What started off as a place to plan and build a device that would kill 200,000 people in Japan, a place that began the age when humans are able to destroy large parts of the planet, is now a windswept and pristine grassland, where a river that is largely dammed and tamed gets to just be itself.  That’s what I call a beautiful accident.  Or you could say “every dark cloud has a silver lining”.  Thanks for reading!

At riverside, Hanford Reach, Washington.

At riverside: Hanford Reach, Washington.

17 responses to “Hanford: Out of Madness, Accidental Brilliance

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  1. Your landscape photos are amazing!

  2. Correction: It is illegal to camp anywhere along the river that runs through the Hanford Reach National Monument.

    • I didn’t know that. I thought it was just the DOE side (which is the south you’re right). That’s’ too bad you can’t get a permit to camp on a canoe trip. Thanks for the correction.

  3. A great story that brings the images to life.

    • Thanks Murray! Please see the corrections, especially wrt Kennewick Man.

      • Yes, that’s interesting about Kennewick Man. The original theory as I encountered it was that he was proto-Caucasian and different from the Amerindians. So if the local tribes of today are his descendents, does that mean he was really Amerindian, or that the local tribes are proto-Caucasian and differ from other tribes who are Amerindians, or that the local tribes are Amerindians but also have some proto-Caucasian heritage, or that all tribes are Amerindian with some proto-Caucasian heritage?

        • I’m not sure Murray. I assume the genetic study was able to distinguish enough between the different groups to make real comparisons. I think Native American DNA is fairly distinctive. Of course that doesn’t mean there wasn’t mixing going on. I’ve long believed there were multiple migrations using both the sea and land routes, and probably emanating from different source populations. But the supposition that Kennewick Man was most closely related to the Ainu or Polynesians to me never had any hard evidence behind it. It was certainly an intriguing speculation, and worth testing. It was obviously used by the scientists as a sort of red herring, in order to win in court. I feel it was good that they got the chance to study him, but I don’t like that it took them so long, and I don’t like that he is not being immediately returned based on the new evidence. I think there may be some old-school scientists associated with it who discount modern genetic studies. I also think there may be unprofessional and spiteful hard feelings on the part of people in the Army Corps and maybe also in the Burke Museum (where he’s held).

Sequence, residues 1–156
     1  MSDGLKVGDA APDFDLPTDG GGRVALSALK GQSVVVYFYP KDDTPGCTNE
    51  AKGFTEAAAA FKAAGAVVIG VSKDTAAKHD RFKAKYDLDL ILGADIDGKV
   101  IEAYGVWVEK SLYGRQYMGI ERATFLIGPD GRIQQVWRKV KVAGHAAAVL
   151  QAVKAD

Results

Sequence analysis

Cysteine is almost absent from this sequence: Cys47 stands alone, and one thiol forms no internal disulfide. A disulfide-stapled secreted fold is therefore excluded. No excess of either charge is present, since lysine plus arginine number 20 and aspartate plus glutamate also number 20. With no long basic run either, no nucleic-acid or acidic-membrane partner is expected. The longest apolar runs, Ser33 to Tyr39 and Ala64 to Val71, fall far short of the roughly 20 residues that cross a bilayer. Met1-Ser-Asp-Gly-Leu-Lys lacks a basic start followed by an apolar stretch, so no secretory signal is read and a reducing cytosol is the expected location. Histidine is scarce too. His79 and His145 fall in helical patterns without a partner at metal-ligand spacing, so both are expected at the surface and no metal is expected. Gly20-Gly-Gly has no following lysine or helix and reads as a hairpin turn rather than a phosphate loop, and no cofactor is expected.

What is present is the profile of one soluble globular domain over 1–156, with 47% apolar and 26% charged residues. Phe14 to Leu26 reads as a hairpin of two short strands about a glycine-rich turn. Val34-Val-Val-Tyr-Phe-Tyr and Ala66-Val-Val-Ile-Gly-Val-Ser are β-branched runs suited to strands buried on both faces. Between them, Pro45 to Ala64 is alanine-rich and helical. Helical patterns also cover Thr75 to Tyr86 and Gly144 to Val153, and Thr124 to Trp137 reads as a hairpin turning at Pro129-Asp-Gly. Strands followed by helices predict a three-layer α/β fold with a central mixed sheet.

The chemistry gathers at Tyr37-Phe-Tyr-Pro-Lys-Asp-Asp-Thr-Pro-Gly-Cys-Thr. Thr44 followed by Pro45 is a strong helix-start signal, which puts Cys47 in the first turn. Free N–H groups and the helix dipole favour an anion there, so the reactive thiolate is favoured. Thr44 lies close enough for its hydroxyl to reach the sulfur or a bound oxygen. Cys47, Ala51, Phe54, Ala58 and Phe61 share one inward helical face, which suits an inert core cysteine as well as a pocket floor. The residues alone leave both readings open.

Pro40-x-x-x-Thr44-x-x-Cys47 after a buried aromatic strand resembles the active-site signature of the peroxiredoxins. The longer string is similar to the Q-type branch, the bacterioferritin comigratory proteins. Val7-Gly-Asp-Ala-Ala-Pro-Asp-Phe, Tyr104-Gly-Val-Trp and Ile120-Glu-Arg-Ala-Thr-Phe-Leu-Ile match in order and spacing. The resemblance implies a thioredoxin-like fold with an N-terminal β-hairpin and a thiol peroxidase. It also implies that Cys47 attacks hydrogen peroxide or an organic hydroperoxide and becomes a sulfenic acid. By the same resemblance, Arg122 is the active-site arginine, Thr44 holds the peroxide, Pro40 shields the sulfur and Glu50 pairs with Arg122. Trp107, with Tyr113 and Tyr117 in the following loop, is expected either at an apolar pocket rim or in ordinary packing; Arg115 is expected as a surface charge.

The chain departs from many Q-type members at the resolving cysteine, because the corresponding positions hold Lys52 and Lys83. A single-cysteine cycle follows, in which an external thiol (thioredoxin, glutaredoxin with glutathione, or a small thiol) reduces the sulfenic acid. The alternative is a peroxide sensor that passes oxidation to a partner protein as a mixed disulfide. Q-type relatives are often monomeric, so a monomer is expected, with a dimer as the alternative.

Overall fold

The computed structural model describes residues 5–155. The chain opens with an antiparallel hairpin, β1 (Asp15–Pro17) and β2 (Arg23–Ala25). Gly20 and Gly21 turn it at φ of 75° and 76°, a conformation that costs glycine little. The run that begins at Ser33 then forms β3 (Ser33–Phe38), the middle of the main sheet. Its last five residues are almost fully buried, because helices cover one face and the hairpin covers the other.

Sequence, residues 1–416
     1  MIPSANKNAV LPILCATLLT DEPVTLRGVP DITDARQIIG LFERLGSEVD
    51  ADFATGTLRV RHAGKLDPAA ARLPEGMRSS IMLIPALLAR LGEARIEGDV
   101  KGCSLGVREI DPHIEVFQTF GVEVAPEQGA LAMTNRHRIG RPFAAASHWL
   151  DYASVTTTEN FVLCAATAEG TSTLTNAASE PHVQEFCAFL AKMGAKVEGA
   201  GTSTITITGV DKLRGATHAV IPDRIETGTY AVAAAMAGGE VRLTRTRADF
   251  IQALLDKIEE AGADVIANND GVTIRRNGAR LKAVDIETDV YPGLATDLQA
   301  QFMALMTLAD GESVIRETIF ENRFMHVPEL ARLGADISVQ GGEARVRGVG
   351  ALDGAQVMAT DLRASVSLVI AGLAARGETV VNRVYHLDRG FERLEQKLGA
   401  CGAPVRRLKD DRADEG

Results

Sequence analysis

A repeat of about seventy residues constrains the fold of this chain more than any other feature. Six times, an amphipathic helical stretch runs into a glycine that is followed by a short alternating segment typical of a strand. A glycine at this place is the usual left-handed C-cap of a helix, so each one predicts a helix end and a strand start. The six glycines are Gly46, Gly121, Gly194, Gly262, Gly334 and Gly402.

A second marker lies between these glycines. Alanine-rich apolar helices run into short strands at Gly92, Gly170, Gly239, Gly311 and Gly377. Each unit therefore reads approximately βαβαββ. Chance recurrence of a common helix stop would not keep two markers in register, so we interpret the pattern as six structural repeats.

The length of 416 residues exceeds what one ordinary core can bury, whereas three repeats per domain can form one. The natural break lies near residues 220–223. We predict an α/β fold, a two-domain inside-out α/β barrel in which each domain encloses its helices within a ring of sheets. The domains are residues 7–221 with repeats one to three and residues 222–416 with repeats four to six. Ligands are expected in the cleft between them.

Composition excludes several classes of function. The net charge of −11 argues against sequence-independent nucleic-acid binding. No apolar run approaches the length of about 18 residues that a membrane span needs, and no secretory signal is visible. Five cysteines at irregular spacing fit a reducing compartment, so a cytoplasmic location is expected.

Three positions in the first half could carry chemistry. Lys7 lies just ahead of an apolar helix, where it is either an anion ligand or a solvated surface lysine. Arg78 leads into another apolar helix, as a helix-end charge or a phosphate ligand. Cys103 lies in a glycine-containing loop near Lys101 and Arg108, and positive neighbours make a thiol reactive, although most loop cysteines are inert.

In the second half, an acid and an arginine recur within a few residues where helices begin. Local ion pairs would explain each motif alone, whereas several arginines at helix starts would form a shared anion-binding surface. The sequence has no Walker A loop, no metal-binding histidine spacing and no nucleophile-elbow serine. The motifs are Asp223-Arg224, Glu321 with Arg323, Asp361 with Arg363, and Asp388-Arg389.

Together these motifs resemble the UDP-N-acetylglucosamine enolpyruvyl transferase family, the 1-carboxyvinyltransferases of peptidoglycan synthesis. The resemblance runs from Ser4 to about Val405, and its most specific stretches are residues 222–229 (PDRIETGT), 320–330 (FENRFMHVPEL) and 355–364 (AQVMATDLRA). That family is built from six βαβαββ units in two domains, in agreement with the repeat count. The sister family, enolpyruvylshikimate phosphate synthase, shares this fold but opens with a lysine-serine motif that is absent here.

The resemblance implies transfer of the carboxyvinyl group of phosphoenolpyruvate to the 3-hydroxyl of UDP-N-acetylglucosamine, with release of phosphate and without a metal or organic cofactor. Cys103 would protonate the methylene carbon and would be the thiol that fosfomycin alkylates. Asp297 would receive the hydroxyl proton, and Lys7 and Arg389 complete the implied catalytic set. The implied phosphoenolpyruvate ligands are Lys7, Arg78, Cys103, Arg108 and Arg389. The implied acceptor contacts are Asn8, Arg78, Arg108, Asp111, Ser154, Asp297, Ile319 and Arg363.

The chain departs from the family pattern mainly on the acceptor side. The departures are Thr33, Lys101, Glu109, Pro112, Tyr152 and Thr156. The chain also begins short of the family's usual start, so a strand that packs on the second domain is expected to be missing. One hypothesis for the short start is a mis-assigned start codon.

• On a similar note, I read a few days ago that Australian Aboriginals were found to have a higher proportion of Denisovan genes than other ethnic groups.

        • That’s fascinating. We know they migrated early on to east Asia. There is the assumption that only humans could have made the water crossing. But that’s a classic case of parochial bias.

  4. Great post 🙂 Nature always finds a way, especially if people are kept from interfering!

  5. A beautiful piece about a most unique landscape. Thanks for the view. M 🙂

  6. Two corrections:
    1) to my knowledge Kennewick Man has yet to be returned to the Tribes. I don’t believe the courts have reversed their decision awarding Kennewick Man to the scientists. Eventually Kennewick Man will probably go to the Tribes for repatriation.

    2) it is illegal to camp anywhere along the Hanford Reach Natl Monument on land managed by the US Fish and Wildlife Service, along the north side of the river. The south side of the river is also closed to camping as well as any public access since it is on the DOE Hanford Site.

    • Yes the more serious error I made was about the Kennewick Man currently. The genetic evidence is very likely to overturn what was (to my mind) rather arbitrary judgments made based upon his appearance. We all know how unusual some people can look, even among very homogenous populations. But the genetics is real science, so if the tribes are still interested they’ll get him. If the scientists need him for more than 10 years I don’t know what to say except they are SLOW! And anyway, they’ll lose in court. The law is the law.